Above left is a Pyxis (a container with a separate lid). This lid has a handle in the form of three horses – 725-700BC.  On the right is an egg shaped Krater with facing birds dating from 650BC.

As Greece was the cradle of democracy there was, of course, voting equipment.  The photo on the left is a fragment from a kleroterion, which was an allotment machine that allowed for the random selection of citizens to the various civic offices.

On the bottom corner of the same photo are examples of the bronze tickets (pinakia) that were inserted into the slots. An attached mechanism to the left of the slots allowed for the random selection process.

One of the more controversial policies of Athenian democracy was Ostracism. This blunt instrument of the state allowed its citizens to vote for the ten-year expulsion from the city of a person they deem dangerous or undesirable. In many cases prominent Athenian citizens with valuable contributions to the state were forced to leave Athens. In many cases citizens would ostracize a citizen out of fear that they might have amassed too much political power or influence, and in many more cases they became the victims of overzealous political opponents.

Below are two pieces of pottery called ostracon.  Names were scratched on pieces of pottery and then used to vote out or ostracise corrupt leaders or tyrants or sometimes even innocent victims.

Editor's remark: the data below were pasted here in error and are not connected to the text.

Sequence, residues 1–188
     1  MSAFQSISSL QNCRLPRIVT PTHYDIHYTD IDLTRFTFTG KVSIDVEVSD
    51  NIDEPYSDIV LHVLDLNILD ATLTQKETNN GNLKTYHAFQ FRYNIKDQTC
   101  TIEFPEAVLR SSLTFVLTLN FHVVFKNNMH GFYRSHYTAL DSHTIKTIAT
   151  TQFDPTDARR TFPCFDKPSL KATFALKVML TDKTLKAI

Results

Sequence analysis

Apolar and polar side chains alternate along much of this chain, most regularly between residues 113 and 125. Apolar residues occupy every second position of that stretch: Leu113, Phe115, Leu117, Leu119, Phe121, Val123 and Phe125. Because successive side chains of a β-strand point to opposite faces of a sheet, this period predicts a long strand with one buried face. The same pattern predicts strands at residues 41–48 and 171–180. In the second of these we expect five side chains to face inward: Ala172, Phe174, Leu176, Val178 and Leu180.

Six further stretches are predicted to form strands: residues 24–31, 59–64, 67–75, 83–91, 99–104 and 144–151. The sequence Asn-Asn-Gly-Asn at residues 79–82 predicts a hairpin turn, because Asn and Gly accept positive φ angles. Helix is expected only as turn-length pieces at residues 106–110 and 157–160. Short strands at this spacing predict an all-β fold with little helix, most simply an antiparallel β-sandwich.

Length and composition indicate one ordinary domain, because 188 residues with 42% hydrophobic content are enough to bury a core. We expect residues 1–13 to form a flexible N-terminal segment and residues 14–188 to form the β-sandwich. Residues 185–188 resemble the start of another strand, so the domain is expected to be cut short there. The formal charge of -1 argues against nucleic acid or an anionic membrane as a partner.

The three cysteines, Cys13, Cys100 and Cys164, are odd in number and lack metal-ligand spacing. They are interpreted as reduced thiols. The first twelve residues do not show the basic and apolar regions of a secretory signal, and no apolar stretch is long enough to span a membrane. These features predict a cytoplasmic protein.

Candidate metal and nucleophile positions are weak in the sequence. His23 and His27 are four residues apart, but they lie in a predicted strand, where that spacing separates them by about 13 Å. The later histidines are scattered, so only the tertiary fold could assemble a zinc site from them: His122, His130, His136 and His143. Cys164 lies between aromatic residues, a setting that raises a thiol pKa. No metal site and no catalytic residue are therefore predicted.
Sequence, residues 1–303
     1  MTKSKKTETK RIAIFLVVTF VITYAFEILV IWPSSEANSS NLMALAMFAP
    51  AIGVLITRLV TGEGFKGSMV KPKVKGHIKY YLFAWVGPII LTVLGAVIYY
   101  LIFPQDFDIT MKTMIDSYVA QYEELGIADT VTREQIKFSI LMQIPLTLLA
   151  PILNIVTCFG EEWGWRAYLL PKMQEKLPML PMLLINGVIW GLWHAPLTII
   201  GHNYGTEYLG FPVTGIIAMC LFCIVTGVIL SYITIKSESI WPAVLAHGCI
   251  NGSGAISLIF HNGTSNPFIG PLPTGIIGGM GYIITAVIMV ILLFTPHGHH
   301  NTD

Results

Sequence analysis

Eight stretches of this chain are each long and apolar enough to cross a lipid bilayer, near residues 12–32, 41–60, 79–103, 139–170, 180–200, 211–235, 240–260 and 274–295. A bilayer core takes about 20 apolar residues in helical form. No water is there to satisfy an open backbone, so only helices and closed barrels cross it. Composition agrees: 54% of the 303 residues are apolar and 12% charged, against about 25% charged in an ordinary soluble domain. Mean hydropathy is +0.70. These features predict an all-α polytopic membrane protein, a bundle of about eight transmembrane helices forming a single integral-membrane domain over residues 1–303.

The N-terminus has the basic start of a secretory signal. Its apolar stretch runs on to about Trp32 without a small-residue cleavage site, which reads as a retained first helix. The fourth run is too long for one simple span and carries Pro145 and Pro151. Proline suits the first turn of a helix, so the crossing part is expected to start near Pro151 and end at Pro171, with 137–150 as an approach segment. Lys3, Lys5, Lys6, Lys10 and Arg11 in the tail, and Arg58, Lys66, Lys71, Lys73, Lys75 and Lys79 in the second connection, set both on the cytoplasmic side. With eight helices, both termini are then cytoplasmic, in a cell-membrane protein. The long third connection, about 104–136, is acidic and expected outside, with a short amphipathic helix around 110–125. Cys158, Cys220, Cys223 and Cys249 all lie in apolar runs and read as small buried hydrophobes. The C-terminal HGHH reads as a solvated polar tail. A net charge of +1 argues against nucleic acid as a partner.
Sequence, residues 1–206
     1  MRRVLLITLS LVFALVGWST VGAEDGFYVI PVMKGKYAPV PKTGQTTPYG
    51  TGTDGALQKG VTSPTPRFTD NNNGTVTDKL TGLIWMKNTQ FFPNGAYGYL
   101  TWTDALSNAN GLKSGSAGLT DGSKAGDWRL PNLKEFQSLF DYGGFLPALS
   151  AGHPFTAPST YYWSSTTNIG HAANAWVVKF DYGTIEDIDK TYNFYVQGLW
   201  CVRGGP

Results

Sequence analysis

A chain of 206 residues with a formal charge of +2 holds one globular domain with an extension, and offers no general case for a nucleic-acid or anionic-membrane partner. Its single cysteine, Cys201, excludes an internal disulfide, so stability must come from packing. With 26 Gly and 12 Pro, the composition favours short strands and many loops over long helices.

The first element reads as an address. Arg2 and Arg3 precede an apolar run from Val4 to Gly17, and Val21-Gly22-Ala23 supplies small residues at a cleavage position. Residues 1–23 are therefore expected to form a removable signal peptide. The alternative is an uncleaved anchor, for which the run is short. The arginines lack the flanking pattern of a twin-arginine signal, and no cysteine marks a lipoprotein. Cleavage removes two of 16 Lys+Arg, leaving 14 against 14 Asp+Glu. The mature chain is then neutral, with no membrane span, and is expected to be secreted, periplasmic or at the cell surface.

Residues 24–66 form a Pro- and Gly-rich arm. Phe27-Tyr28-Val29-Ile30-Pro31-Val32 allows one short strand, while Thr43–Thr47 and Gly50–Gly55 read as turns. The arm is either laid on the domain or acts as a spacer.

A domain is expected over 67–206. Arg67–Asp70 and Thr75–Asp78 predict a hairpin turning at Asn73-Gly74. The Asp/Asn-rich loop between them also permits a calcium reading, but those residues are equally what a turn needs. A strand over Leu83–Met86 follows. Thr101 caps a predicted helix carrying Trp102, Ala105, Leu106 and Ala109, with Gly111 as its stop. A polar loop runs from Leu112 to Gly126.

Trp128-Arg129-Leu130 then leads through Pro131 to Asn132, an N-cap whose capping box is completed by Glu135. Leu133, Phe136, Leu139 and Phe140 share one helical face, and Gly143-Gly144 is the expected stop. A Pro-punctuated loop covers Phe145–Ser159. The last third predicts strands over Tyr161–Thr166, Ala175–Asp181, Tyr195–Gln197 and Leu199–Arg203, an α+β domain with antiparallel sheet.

Themistocles was the hero of the Persian Wars and is one example of a prominent Athenian citizen who despite his contributions was forced to leave Athens and die in exile

There are many more ostracons with famous names but let’s move on – –

These are Clepsydras – otherwise known as water clocks.  It was used to time speeches at council meetings and took six minutes for the water to drain – once empty – the speech was finished. Maybe that is where the phrase ‘good to the last drop’ was born.

The top one is an original from the late 5th century BC. The bottom is a reconstruction of a clay original.  Maybe it is time they made a comeback to modern politics.

Even though the museum is not very big, there are many interesting items that have been unearthed in the Agora.

For example there are these ancient coins.

These Drachma and Tetradrachma feature Athena in her helmet and also her owl. Her owl is still used on today’s coins.

A Drachma was worth a full days wage.  In the Golden Age, people would put coins like this into the mouths of the deceased as payment to carry the soul across the River Styx. I am sure that there are many coins still laying under the earth in the countless ruins.

The exhibits finish with these sculptured Roman heads.  You can see that the Romans were more honest than the Greeks with how people looked.

Above left is Antoninus Pius 138-161 BCE.  Centre is Herodotus 2nd C AD. Right is unknown from the period of Trajan.

We are now at the end our Museum walk but there is one more sculpture that deserves a mention.

Statue of Nike from the Acroterion of the Stoa of Zeus Agoraios. Circa 415 BCE.

There are so many statues worldwide of Nike – or Winged Victory – maybe the most famous is in The Louvre in Paris. Here she is flying to the right, the back is less finished than the front and she is missing the head, arms and parts of the legs. Even though she is not complete, I still think she is beautiful.

Time to go back outside into the heat to explore the ruins and you can read about that in Part 3.